Photo by Tyler Meuter

Go to an Anime Club meeting at Tech, and you might notice a disparity of women in attendance. As I took my seat at the first meeting of the year, it became immediately clear that I was one of roughly three women in an audience of at least 50 people.

The lights went off, the first few episodes played, and I began to realize why — many of the anime selected by the club board featured quite the variety of characterized tits. Not female characters with any personality to speak of, but supple, bouncy, comically large breasts. The women these breasts were attached to were not represented  by their spectacular intelligence, or their bravery in battle so much as the fact that they were in possession of breasts (and in a few cases, an ass).

Instead, many of the characters were caricatures of the typical hyper-feminine Asian woman, who young American men love to sexualize.

I do not necessarily blame the GT Anime Club for showing anime featuring an abundance of characterized tits. The phenomenon is endemic to many anime not specifically geared towards female audiences, and many of the best anime feature copious fan-service. A few of my favorites come to mind: “Code Geass,” “Gurren Lagann,” “Cowboy Bebop,” “Bleach,” etc. While not every show I’ve seen sexualizes the female form, the tendency to do so is certainly popular.

As a woman, I do not necessarily find this sexualization immediately offensive. Occasionally, it is done with good taste. In “Kill la Kill”, the concepts of clothing and both the female and male nude forms are explored. Similarly, in “Neon Genesis Evangelion”, Asuka’s sexualization plays a role in Shinji’s maturation and mimics his use of her as a sexual object.

Unfortunately, however, the large majority of times that female characters are sexualized, the sexualization demeans and objectifies them. Rather than creating a female character with a complex range of emotions, with personal goals and motivations, anime creators chose to pander to a horny, immature male audience — a choice that isolates many female viewers and distracts the audience from the show’s desired narrative.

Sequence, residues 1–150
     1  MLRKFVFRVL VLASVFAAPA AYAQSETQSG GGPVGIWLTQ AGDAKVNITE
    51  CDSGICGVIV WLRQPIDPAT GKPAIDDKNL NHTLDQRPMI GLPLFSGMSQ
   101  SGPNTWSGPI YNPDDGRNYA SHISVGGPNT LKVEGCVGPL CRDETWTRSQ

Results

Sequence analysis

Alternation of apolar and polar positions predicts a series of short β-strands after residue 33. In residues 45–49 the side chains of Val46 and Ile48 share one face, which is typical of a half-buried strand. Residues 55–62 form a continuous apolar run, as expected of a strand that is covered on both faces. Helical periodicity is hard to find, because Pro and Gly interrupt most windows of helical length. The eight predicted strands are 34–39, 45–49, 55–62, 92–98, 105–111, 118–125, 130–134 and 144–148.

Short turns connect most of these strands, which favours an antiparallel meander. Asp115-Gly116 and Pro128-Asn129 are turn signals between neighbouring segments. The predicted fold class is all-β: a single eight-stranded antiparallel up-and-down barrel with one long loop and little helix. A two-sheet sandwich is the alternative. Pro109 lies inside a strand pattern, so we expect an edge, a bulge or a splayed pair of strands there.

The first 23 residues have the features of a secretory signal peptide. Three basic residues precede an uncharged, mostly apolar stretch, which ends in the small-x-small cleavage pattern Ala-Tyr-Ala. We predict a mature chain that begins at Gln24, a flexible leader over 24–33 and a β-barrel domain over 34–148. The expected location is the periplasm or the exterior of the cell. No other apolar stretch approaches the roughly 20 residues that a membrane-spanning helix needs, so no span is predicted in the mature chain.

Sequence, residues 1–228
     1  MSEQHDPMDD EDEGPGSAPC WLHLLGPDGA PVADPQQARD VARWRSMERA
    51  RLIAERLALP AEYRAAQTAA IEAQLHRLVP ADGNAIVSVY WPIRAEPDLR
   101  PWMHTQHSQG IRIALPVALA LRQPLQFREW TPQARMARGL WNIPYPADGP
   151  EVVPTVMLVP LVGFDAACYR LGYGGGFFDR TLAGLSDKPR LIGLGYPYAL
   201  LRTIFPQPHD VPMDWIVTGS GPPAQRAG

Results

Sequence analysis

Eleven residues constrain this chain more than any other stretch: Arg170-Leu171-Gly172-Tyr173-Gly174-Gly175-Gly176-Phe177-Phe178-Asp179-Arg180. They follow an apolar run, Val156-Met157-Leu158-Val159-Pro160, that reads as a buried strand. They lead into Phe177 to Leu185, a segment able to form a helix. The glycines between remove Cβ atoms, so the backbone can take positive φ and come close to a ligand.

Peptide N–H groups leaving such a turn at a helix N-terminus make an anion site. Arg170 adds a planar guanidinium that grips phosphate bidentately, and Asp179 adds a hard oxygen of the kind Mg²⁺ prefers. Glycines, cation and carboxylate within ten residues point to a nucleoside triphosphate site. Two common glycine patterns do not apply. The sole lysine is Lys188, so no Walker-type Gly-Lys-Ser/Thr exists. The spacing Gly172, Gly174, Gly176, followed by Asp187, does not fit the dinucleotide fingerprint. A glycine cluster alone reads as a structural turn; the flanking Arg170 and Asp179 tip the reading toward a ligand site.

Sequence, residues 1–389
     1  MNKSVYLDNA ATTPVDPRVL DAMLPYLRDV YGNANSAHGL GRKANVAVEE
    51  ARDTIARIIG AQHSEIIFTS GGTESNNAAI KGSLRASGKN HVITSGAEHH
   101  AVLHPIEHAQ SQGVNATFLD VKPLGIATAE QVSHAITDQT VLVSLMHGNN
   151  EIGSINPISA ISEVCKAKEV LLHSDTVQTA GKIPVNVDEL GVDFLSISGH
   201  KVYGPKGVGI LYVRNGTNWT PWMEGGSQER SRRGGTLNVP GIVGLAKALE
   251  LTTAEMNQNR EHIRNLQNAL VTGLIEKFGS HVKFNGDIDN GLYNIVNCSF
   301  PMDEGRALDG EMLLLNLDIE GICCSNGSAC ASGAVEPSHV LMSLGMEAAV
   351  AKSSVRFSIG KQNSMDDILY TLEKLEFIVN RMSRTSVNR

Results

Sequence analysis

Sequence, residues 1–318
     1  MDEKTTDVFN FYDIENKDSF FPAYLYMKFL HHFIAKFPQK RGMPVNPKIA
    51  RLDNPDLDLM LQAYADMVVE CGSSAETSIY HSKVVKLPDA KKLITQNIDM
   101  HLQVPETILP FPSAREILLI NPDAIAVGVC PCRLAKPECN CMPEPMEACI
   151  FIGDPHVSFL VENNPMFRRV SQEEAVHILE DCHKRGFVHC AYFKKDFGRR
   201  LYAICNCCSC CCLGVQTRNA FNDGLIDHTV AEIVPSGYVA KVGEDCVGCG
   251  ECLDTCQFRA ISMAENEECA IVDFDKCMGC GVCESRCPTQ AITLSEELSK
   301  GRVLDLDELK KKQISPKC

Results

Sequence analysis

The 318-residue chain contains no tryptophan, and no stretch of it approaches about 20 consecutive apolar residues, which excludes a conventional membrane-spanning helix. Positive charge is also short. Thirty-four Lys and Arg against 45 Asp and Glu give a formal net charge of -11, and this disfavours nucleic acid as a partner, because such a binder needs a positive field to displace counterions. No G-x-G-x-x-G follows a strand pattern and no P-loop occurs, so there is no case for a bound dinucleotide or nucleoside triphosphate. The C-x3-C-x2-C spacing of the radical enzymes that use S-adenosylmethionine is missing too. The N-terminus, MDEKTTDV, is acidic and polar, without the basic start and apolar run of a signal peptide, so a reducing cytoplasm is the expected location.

As much as I love to watch the bad-ass characters in “Bleach” destroy their Hollow and Espada enemies, I am distracted by why Harribel’s overly large breasts are completely unsupported and how they don’t fall out of her ridiculous top. I see Faye Valentine’s tight crop top and tiny shorts and wonder how she stays warm. I tried watching “Fairy Tail” and loved the storyline! I was so interested in Lucy’s progression as a mage and Natsu’s backstory, but could hardly stand the number of bikini-wearing, large-breasted women that seemed to crowd the screen at every possible
opportunity.

If I wanted to view objectified women’s bodies en masse, I would go watch ecchi, the genera dedicated to fanservice. As it stands, I can’t escape the booby overload that is in most fantasy/action/comedy anime currently produced.

Not only are women’s bodies objectified, their personalities are as well. Tsundere, dandere, kuudere, yandere. Many anime girls fall into these preset tropes — so much that the terms are widely known and acknowledged throughout the otaku populace. Many times these women give off a stoic or antagonistic exterior, which hides a traditionally feminine personality just waiting to be unlocked by the male protagonist, who these women inevitably and inexplicably fall in love with.

Another frequent trope for female characters to elicit “moe” —  that feeling of burning passion otakus are known to have for two dimensional characters. Usually this feeling is accomplished via cutesy mannerisms and exhibiting traditionally feminine stereotypes. Traditionally as in “ideal woman in the 1940s”, as in “someone who will love me immediately and unconditionally, do all the housework, make me sandwiches and have no real desires or goals that interfere with my own”. These characters are unrealistic, and frustrating to watch as a woman who knows these characters only exist to be fetishized.

For these reasons, though I enjoy the anime medium, I am significantly limited to the number of anime I can enjoy. If producers could please leave the hypersexualization out of the not-explicitly-ecchi anime, and treat women as actual people, not as objects to be fantasized about, I would greatly appreciate it.